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Philippines, US kick off drills in disputed waters of South China Sea

US exercise director for Balikatan Lieutenant General William Jurney (L) speaks at the military headquarters in Quezon City, suburban Manila on April 22, 2024. (Photo by AFP)

The United States and the Philippines have kicked off three weeks of joint military exercises in disputed waters of the South China Sea in a move that is likely to further escalate tensions between the military allies and Beijing.

The annual military exercise, which began on Monday, will run until May 10 and involve more than 16,700 Filipino and US troops.

More than 250 French and Australian forces will also take part in the military exercises, known as the Balikatan, which means "shoulder to shoulder" in Tagalog.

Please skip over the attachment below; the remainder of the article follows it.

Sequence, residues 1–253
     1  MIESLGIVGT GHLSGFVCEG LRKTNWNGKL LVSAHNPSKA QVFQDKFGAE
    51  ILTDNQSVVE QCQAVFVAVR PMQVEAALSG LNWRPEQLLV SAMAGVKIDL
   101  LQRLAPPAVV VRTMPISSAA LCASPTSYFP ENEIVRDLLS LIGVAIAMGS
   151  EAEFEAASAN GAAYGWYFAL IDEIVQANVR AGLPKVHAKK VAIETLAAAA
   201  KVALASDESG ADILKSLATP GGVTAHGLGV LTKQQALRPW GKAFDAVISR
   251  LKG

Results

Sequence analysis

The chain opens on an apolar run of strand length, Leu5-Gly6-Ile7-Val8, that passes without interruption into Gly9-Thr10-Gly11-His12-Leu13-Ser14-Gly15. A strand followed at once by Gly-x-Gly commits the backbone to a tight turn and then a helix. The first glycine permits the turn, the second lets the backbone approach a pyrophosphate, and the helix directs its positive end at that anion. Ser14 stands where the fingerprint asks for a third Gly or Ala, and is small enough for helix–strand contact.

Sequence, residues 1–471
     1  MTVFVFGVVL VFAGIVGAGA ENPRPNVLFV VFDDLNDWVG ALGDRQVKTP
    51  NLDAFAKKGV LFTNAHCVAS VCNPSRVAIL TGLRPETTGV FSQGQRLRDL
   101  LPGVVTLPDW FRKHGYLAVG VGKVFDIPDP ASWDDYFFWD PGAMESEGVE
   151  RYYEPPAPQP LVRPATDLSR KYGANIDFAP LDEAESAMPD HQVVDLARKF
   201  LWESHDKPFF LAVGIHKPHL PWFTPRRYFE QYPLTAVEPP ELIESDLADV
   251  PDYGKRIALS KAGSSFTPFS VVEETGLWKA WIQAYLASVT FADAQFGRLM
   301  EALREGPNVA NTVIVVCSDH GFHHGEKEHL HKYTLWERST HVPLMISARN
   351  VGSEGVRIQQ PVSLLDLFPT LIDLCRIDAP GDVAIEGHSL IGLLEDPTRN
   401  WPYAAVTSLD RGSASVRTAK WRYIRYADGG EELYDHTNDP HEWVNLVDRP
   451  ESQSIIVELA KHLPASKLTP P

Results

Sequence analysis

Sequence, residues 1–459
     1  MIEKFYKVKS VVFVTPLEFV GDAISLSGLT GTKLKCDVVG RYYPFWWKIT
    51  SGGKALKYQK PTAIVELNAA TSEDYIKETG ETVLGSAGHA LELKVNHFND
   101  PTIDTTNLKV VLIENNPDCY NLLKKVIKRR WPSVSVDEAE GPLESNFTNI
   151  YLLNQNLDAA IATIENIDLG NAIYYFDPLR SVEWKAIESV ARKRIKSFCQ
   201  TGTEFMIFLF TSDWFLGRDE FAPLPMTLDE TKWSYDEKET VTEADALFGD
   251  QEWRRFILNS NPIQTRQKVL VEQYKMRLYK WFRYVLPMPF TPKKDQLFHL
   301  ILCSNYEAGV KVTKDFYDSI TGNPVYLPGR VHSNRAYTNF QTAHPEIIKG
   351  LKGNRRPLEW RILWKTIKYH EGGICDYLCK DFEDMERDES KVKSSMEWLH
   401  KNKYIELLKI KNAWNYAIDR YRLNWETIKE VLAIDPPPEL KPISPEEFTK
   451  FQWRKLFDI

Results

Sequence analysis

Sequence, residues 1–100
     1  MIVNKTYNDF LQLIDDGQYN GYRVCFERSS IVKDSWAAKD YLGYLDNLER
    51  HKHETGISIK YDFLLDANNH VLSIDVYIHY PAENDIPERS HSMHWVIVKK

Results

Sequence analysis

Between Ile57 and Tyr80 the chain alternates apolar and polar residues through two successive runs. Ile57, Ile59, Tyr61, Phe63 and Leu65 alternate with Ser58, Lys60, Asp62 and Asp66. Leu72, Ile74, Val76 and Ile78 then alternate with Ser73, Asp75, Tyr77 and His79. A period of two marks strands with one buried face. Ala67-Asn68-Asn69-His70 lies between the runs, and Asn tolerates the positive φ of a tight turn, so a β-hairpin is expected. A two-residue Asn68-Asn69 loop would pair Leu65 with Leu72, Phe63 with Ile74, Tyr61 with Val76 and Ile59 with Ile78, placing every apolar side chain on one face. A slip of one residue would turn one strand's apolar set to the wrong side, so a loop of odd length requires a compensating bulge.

Six vessels would participate, including four 44-meter multi-role response boats and two larger patrol vessels.

The drills will involve a simulation of an armed recapture of an island off the western province of Palawan, near the South China Sea.

The war games — the longtime treaty allies’ largest annual military drills — will be extended for the first time beyond 12 nautical miles off the Philippine coast and into waters claimed by China.

The Philippine military claims that the joint drills are not directed at a particular country, but some of their main conflict scenarios are set in or near the disputed waters.

China has recently warned Manila against provocative actions in the waters, after the China Coast Guard intercepted a foreign vessel that "tried to forcefully intrude" into its territorial waters. 

China claims almost the entire South China Sea. Its claims to the sea overlap the ones by other countries, including the Philippines and Vietnam.

The United States has no territorial claim over the waters or features, but supports Manila in its territorial disputes and regularly conducts patrols there.

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